Pulmonary Arterial Hypertension

About Pulmonary Arterial Hypertension

Pulmonary Arterial Hypertension (PAH) is a type of a broader condition known as pulmonary hypertension, which means high blood pressure in the lungs.

PAH is characterized by scarring and narrowing of the small arteries in the lung, which increases pressure and the resistance to blood flow through the lungs.
Preclinical studies have shown that an mTOR inhibitor can reverse or control the disease, including the scarring in the small arteries that are indicated in PAH. [1]

AADi is conducting a phase 1b trial to evaluate the optimal dose and utility use of ABI-009 in the treatment of severe (NCT02587325). Activation of the mTOR pathway has been implicated in the development and progression of PAH and anecdotal clinical data supports the investigation of an mTOR inhibitor to treat PAH [2, 3]. No approved PAH drug addresses ‘proliferative’ component of disease (arterial wall thickening and hyper-proliferaton of smooth muscle and endothelial cells). ABI-009 can achieve high target tissue levels not possible with oral mTOR agents and can be combined with standard therapy in PAH.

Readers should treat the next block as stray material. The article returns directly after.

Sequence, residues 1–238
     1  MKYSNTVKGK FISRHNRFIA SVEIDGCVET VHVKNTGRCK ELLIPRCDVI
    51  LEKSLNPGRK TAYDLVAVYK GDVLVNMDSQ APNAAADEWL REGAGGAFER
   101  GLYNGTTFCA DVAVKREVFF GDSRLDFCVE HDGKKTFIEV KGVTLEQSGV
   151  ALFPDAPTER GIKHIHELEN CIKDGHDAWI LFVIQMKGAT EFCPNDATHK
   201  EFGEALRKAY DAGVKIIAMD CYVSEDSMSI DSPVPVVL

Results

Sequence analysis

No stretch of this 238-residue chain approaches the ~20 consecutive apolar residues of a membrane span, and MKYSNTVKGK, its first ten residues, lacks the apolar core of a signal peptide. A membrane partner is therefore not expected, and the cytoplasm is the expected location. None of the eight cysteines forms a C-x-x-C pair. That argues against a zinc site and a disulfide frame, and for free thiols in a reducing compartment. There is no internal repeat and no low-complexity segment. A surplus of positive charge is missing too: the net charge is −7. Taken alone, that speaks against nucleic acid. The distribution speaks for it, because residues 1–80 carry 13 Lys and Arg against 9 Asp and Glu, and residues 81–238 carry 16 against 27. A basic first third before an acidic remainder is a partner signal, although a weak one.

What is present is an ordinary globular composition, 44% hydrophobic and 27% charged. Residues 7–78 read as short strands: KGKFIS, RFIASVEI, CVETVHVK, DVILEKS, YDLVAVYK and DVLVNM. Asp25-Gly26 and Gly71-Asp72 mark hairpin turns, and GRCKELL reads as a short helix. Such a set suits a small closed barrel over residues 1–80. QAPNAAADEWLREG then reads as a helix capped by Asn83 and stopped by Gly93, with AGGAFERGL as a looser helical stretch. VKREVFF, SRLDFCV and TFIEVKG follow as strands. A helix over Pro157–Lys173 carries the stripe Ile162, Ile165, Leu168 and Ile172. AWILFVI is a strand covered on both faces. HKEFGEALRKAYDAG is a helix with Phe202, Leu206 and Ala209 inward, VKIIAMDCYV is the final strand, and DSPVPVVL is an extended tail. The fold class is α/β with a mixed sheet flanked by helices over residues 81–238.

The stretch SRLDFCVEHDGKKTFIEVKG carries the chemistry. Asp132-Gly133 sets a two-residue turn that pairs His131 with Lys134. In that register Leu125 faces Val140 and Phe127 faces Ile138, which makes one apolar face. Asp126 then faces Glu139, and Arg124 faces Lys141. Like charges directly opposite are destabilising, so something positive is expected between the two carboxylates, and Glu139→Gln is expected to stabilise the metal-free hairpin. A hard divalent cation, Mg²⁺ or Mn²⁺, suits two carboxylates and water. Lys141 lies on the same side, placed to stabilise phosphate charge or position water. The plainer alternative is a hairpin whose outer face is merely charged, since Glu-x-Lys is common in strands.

You can check out more info about our PAH study and eligibility in our dedicated website here: http://pulmonaryhypertension001.com/

  1. Houssaini et al., Am J Respir Cell Mol Biol 2013 48(5):568-577.
  2. Wessler et al. Chest 2010 138, 991-993.
  3. Seyfarth et al. Pulmonary circulation 2013: 3, 632-638.
  4. AADi, LLC, Data on file

~ 30,000 patients in US (orphan indication)
Only 50% 3 year survival
Current therapies offer only symptomatic relief
No disease modifiers on market
First-in-class opportunity
Can be added to conventional therapy
Opportunity for IV or inhalational route of administration

Pulmonary Arterial Hypertension

March, 7 2019, Aadi Bioscience, Inc. (Aadi), For the first time in his life, Shanahan “Shanny” Dameral, 19, has a girlfriend. Soon, he’ll be graduating with a high school diploma and looking for his first job on the Kitsap Peninsula. What seems routine for many is a big deal for Dameral and other children living with treatment-resistant or intractable epilepsy. For reasons largely unknown, seizures in this subset of children persist long past their discovery in early childhood despite being treated with multiple medications and undergoing surgery to remove the affected parts of their brain. Diagnosed with epilepsy at age 5, life for Dameral has always come with seizures attached. When his seizures returned after a second brain surgery shortly after his 16th birthday, his mom Linley Allen, hoped for a medical breakthrough. “We needed to find something else since another surgery was out of the question,” Allen said. “We had heard about a drug being studied for a more severe seizure condition. I kept holding onto hope that it might be expanded to treat Shanny’s type of seizures because it was all we had at the time.”   See all and the original News article here: New Drug Trial Gives Hope for Treatment-Resistant Epilepsy